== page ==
Doctors suggest possible correlation between internet use and ADHD

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According to several sources including Michael Pietrus MD and coordinator of the ADHD assessment protocol at the University of Chicago, the internet may encourage behaviour that mimics ADHD, exacerbating conditions in people who have already shown symptoms.

According to Dr. Pietrus, “People engage in compulsion for all sorts of reasons often because of the way their personality extends into the online space. But compulsive behaviour is reinforced and rewarded, and that has an impact on the ability to plan and organise as well as focus on tasks and self regulate our behaviour.”

“People with ADHD are hardwired for novelty seeking, which until recently was an evolutionary advantage,” said Pietrus, at the South by Southwest festival in Austin, Texas. “ADHD sufferers have fewer dopamine receptors, which means that a normally interesting activity seems less rewarding or even boring”

As we get older, our brain changes according to our experiences. Memory and attention itself directly involve biochemical and anatomical changes to the brain causing symptoms for a variety of health concerns to show. That being said, when we feel overwhelmed and distracted, we find it much harder to link current experiences to past ones, thus mimicking the symptoms of ADHD.

While these claims and ideas could have serious implications in regards to the internet, Pietrus further clarified at a press release that the internet does not literally cause ADHD.

“We are not saying that Internet technologies and social media are directly causing ADHD,” Pietrus cautions. But the Internet, he says, “can impair functioning in a variety of ways … that can mimic and in some cases exacerbate underlying attention problems.”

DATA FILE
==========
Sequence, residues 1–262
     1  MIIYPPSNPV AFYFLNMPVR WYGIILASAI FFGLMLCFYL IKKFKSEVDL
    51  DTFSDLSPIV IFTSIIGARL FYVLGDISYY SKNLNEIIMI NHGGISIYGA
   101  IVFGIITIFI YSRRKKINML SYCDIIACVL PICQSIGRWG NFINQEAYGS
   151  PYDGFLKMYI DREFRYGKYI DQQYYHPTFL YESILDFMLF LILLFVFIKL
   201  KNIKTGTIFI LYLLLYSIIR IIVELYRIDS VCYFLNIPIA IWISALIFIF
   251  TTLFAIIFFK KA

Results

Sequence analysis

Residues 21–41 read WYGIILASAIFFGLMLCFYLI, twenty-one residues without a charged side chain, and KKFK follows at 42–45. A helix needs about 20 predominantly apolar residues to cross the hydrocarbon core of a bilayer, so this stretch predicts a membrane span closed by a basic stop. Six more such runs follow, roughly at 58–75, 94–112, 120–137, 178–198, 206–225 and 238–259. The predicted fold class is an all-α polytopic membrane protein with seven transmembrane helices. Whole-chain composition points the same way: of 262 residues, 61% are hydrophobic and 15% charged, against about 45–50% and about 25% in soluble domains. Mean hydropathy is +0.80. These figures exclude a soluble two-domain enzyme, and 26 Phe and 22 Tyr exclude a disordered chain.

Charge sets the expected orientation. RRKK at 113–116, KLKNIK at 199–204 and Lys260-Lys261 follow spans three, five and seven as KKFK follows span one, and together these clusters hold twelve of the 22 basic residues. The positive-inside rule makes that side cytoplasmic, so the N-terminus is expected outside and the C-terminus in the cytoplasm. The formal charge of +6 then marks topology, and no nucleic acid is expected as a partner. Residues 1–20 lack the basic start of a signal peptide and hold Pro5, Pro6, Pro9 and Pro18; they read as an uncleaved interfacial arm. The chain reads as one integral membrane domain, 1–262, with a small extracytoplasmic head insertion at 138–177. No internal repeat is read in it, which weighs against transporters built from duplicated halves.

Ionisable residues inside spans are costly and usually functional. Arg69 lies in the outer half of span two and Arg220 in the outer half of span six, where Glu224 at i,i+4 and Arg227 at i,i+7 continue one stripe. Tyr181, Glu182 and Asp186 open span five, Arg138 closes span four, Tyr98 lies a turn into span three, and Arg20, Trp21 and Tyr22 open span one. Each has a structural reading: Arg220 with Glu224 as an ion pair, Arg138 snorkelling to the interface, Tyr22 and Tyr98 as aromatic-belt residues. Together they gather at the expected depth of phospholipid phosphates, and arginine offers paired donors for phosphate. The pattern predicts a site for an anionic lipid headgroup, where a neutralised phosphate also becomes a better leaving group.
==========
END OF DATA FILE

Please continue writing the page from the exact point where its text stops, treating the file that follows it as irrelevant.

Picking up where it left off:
“The biggest thing is to increase awareness and understanding of what social media and technology are doing to us,” he said. “Once we acknowledge the potential effects on our brains, we can make better-informed choices about our actions and behavioural patterns.”

When asked what people can do to combat these pseudo-symptoms of ADHD, Pietrus suggested that people can try to focus on their hardest tasks, setting and following strict deadlines with yourself and splitting larger tasks into several smaller ones to prevent you from feeling overwhelmed. Pietrus also suggested making up an “accountability” chart so you can keep track of what you achieved and when you did it, a way to directly show your progress.

In addition to changing your personal habits, Pietrus also stressed the importance of understanding the internet’s role in affecting ourselves.

“The biggest thing is to increase awareness and understanding of what social media and technology are doing to us. Once we acknowledge the potential effects on our brains, we can make better-informed choices about our actions and behavioural patterns,” said Pietrus at the festival.

In other various reports circulating Canadian news sources, ADHD may also be linked to higher mortality rates than compared to those who don’t have ADHD.

“In this nationwide prospective cohort study with up to a 32-year followup, children, adolescents and adults with ADHD had decreased life expectancy and more than double the risk of death compared with people without ADHD,” said Soren Dalsgaard of Aarhus University in Denmark on Wednesday’s online issue of Lancet. “People diagnosed with ADHD in adulthood had a greater risk of death than did those diagnosed in childhood and adolescence. This finding could be caused by persistent ADHD being a more severe form of the disorder.”

It’s important to note that those who take medication to treat ADHD are also more predisposed to drug dependencies later in life according to a June 30 publication in Pediatrics. The article addressed how one can reduce drug addiction after having received treatment for ADHD. The article also suggested safer prescription methods and standards when issuing stimulants to both children and adults.

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